• The message comes from an unusual sender.
  • The U.S. Postal Service doesn't text or email you unless you enroll in delivery notifications for a package. Real postal service notifications always include a tracking number, and they never include links.
  • Like other phishing attempts, this message includes a subtle threat. You may feel as though you need to respond within 12 hours or risk losing your package.
  • There's some unusual grammar in the text. For example, "in the link," "reply to Y" and a missing period at the end of a sentence.

How to Avoid Phishing Attacks

Scammers are constantly devising new phishing schemes in an effort to make it past their victims' defenses, so staying safe requires a multipronged approach. Applying these tips can help you up your guard and avoid phishing scams.

  1. Be skeptical. When in doubt, don't engage with texts, emails, phone calls or other communication from someone you can't confirm is who they say they are. Never give your Social Security number or financial information to someone who contacts you to ask for it.
  2. Contact organizations directly. If you get a phone call or message from someone claiming to be a trusted organization (such as your doctor or your bank), you don't have to interact with them. Instead, hang up and contact the organization using a number that you've looked up on your own or have on your account statements.
  3. Increase your accounts' security. Avoid reusing passwords: If a scammer gets access to one password, they could use it to get into other accounts that share it. A password manager can help you set and keep track of multiple hard-to-guess passwords. Also, enroll in multifactor authentication for an added layer of security.
  4. Don't click on suspicious links or attachments. Treat links and attachments with suspicion, and don't click any links or attachments in emails or texts from unknown senders. Deceptive links can lead to spoof websites designed to phish your information, or they could install malware to your device.
  5. Don't give in to pressure. Phishing attacks use psychological tactics meant to make you feel rushed into a decision, such as explicit or implied threats, or promises of prizes if you act now. Protect yourself by doing the opposite.

What to Do if You're the Victim of Phishing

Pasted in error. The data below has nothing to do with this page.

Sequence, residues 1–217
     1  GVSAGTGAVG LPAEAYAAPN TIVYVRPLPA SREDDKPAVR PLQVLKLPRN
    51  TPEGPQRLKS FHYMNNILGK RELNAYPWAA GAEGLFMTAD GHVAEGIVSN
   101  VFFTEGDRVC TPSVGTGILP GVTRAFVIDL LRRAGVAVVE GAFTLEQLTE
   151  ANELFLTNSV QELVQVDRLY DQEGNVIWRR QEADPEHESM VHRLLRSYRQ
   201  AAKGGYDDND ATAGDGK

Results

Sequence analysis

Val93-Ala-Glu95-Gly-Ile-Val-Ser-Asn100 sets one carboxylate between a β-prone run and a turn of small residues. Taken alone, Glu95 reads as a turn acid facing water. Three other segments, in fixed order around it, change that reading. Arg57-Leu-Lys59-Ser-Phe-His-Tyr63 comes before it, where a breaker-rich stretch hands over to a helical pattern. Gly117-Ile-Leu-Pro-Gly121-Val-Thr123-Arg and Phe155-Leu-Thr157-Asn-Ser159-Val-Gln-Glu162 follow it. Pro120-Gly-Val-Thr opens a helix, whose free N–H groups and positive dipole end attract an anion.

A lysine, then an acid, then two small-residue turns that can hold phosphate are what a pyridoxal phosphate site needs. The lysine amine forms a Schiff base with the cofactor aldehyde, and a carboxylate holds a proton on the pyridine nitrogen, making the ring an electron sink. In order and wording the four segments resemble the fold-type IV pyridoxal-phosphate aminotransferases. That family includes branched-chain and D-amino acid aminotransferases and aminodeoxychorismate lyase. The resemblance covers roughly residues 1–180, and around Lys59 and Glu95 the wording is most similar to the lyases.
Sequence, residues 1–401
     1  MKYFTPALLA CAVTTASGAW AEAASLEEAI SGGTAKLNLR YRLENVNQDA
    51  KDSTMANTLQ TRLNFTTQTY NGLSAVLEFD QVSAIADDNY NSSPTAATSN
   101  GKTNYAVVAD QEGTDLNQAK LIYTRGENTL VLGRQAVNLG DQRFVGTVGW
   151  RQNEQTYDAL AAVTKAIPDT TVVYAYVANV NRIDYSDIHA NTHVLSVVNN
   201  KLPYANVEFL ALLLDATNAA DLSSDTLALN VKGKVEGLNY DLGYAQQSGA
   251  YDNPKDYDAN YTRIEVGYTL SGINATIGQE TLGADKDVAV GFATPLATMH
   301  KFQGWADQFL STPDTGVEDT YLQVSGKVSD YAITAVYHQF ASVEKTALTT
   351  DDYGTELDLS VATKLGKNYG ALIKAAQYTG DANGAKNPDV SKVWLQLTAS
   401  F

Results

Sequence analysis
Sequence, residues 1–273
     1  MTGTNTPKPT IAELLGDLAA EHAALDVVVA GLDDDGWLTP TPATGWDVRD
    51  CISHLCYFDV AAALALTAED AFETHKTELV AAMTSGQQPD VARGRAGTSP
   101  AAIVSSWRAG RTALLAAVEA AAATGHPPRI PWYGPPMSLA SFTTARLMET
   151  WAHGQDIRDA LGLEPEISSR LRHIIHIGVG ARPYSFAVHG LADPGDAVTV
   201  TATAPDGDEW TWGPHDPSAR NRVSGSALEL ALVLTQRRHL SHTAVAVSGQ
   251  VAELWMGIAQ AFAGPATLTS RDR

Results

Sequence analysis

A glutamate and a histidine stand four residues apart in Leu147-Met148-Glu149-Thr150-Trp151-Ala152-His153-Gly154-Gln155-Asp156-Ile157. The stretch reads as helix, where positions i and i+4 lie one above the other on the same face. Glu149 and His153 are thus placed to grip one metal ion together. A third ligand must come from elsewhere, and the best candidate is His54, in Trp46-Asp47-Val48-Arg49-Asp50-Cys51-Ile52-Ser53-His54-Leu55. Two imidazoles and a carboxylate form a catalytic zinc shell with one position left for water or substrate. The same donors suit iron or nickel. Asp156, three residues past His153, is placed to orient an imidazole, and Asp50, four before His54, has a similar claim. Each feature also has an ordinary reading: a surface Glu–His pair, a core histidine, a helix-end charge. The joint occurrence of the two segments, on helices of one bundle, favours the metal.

Whether you've clicked a link that you believe could have infected your device with malware, or if you believe you may have exposed sensitive personal or financial information to a scammer, taking action right away is key to minimizing harm. Here are some next steps to consider.

  • Notify affected companies or organizations. If your financial account information (such as your credit card or bank account number) is compromised, reach out to affected institutions right away. If your work devices or accounts were targeted in a phishing attack, follow your company's protocol for reporting the incident.
  • Run an antivirus software scan. If you've clicked a suspicious link or attachment, run an antivirus scan to find and remove any harmful software. It's also a good idea to run these scans periodically as a defensive measure.
  • Monitor your credit. Keep a close eye on your credit report, checking for any signs of credit fraud. You have the right to dispute items in your credit report that you don't recognize, such as new inquiries or accounts. Sign up for free credit monitoring through Experian to keep ongoing tabs on your credit.
  • Place a fraud alert on your credit report. A fraud alert notifies lenders that you may be the target of scammers and requests that they take additional measures to verify your identity. You have the right to request a fraud alert as well as a security freeze, a more restrictive measure, for your credit reports with the three national credit bureaus (Experian, TransUnion and Equifax). When you place a fraud alert with one of the credit bureaus, the other two are notified automatically and a fraud alert is placed on those reports as well. To place a security freeze on your credit file, you'll need to contact each bureau separately.
  • Report phishing attempts. Regardless of whether a scammer has successfully phished information from you or not, consider reporting the incident to the FTC at ReportFraud.ftc.gov.

The Bottom Line

Phishing can have painful and lasting impacts, including financial loss, credit damage and the psychological toll of having your sense of security violated. The best preventive measure is awareness. Up your vigilance by staying informed on the latest scams. Beyond that, learning about cybersecurity best practices and other ways to avoid fraud can help you lower vulnerability to phishing.